Sarah Turton. Oscillating blue fissure, when/is blue just a colour in art and creative practices? 

This presentation invites skepticism about whether blue is ever just a colour. It is interested in why it sometimes turns up in transcendental expressions in contemplation, psychology, philosophy, utopia, art and creative practices which suggest that it operates beyond the spectrum of colour and has a role in practices of self-transformation. This seminar provides an overview of the ways that it operates in selected examples of art and creative practices. It explores how on the one hand the colour blue is mundane; decorative or arbitrary, a secondary feature of an object or form, on the other it is used in expression to represent nature and/or as a cultural symbol, and on the other that it is also surplus to these. It asks if it is because of the way it oscillates between these aspects that causes transcendental surplus and an experiential fissure or if blue stands by itself and has its own affordances beyond its function, or both(and)? Examined through the theme of fissure, this analysis raises questions about its ontological status and colour category claims.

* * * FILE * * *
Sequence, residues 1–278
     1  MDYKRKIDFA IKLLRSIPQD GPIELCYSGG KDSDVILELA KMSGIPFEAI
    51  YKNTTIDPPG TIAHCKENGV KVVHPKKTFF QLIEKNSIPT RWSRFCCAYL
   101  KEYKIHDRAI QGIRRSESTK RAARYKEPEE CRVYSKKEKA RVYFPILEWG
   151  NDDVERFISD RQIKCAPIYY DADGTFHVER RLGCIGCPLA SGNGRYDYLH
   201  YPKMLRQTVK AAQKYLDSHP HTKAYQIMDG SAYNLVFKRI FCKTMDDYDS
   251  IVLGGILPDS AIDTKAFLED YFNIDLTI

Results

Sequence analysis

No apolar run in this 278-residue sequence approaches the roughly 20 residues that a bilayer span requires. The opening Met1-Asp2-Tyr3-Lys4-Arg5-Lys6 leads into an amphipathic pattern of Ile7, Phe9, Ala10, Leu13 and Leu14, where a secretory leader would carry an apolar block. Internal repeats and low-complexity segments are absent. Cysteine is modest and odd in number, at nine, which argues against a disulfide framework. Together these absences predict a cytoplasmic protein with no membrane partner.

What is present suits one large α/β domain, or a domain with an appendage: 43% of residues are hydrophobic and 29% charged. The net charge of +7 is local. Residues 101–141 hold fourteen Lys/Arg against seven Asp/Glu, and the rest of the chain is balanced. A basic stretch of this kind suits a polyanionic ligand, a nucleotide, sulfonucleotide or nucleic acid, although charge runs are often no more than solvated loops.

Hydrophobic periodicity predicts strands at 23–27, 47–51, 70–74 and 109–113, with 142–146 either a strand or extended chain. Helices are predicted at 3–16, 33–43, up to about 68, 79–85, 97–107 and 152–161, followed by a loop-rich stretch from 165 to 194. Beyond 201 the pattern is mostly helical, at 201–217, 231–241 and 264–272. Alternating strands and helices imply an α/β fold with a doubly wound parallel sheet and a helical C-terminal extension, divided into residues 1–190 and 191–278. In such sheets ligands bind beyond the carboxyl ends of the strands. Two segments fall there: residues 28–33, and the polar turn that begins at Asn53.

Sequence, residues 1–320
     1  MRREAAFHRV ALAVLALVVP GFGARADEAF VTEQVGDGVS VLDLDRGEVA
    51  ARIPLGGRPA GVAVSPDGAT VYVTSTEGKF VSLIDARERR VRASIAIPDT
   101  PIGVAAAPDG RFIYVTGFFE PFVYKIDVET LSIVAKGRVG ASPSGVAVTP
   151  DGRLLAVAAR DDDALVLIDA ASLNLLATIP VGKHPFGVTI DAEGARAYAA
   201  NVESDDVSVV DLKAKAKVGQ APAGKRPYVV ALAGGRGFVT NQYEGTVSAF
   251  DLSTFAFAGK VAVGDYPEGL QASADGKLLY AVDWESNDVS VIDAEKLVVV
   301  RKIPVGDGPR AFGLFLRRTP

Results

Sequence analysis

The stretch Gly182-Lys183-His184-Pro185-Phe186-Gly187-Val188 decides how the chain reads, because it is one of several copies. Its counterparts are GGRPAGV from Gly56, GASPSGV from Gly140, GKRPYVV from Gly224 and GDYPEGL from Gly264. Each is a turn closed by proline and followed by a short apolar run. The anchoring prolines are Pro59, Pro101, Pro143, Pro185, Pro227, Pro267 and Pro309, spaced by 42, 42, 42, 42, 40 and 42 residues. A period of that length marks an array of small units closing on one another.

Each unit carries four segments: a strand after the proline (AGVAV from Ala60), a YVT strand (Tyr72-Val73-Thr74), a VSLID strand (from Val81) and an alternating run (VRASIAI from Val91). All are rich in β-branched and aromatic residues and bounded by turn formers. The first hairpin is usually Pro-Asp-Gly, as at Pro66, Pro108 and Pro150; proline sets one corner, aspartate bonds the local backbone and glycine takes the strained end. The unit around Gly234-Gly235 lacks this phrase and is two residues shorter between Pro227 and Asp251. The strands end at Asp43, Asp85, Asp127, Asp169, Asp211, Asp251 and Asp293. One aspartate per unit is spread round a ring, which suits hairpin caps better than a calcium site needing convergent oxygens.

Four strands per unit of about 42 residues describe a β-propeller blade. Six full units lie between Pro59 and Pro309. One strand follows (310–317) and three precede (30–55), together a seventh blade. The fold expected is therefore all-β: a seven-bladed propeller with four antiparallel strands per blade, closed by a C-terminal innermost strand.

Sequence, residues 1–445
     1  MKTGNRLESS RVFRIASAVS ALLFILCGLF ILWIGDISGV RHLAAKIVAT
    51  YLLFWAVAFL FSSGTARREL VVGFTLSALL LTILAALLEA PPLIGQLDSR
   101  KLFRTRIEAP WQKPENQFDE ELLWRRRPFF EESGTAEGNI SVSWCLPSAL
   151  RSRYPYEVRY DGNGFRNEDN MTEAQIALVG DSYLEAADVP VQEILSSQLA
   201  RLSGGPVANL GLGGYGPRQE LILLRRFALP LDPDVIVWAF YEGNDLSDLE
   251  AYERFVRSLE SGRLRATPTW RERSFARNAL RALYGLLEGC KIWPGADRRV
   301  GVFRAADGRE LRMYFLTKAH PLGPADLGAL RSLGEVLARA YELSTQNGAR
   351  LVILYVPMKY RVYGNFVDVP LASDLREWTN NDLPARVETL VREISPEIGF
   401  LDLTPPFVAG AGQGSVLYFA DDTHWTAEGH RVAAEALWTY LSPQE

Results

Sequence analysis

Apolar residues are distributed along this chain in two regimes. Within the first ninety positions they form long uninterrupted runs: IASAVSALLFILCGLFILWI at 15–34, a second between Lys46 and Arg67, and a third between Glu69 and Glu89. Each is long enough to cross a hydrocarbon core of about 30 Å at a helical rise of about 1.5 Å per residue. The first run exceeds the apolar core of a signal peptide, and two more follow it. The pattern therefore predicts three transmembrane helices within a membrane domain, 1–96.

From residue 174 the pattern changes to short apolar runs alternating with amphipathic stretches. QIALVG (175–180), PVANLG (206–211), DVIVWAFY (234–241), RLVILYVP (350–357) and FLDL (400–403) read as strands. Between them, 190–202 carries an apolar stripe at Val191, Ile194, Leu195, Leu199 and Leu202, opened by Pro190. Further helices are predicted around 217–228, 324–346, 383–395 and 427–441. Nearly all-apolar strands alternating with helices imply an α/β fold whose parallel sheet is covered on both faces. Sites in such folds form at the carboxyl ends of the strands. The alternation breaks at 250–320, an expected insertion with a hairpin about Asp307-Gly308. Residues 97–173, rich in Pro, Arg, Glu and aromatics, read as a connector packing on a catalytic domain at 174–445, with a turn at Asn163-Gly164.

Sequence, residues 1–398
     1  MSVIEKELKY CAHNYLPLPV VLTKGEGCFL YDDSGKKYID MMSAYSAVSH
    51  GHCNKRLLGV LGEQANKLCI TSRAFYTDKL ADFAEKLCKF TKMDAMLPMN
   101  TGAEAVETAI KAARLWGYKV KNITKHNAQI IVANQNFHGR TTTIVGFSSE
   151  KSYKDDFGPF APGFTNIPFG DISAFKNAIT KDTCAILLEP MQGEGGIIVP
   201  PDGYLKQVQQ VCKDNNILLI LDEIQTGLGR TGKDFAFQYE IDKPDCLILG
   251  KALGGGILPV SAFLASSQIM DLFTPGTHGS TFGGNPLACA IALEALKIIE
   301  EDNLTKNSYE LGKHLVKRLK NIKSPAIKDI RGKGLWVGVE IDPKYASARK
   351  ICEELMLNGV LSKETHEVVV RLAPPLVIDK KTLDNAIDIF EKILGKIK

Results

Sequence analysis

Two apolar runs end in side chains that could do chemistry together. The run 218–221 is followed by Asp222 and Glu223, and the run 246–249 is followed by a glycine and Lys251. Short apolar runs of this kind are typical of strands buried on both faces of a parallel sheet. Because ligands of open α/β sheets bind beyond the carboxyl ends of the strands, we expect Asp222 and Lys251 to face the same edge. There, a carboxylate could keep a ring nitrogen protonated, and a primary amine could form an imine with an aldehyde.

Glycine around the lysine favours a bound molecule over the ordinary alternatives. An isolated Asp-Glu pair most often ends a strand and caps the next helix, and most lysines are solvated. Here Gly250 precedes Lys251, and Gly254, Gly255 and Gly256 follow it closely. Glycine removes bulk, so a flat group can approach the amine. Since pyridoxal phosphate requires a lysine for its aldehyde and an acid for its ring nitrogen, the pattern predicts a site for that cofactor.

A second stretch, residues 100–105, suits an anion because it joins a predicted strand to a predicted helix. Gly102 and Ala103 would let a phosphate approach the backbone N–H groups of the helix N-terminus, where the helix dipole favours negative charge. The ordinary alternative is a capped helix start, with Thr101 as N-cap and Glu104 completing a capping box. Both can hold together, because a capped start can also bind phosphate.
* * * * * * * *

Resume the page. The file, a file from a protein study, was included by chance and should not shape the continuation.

6th and 7th March.
Dr Rita Cachao: Respondent

Laura Welsman: Diagramming fear and grief zones: coding for sensation in works of art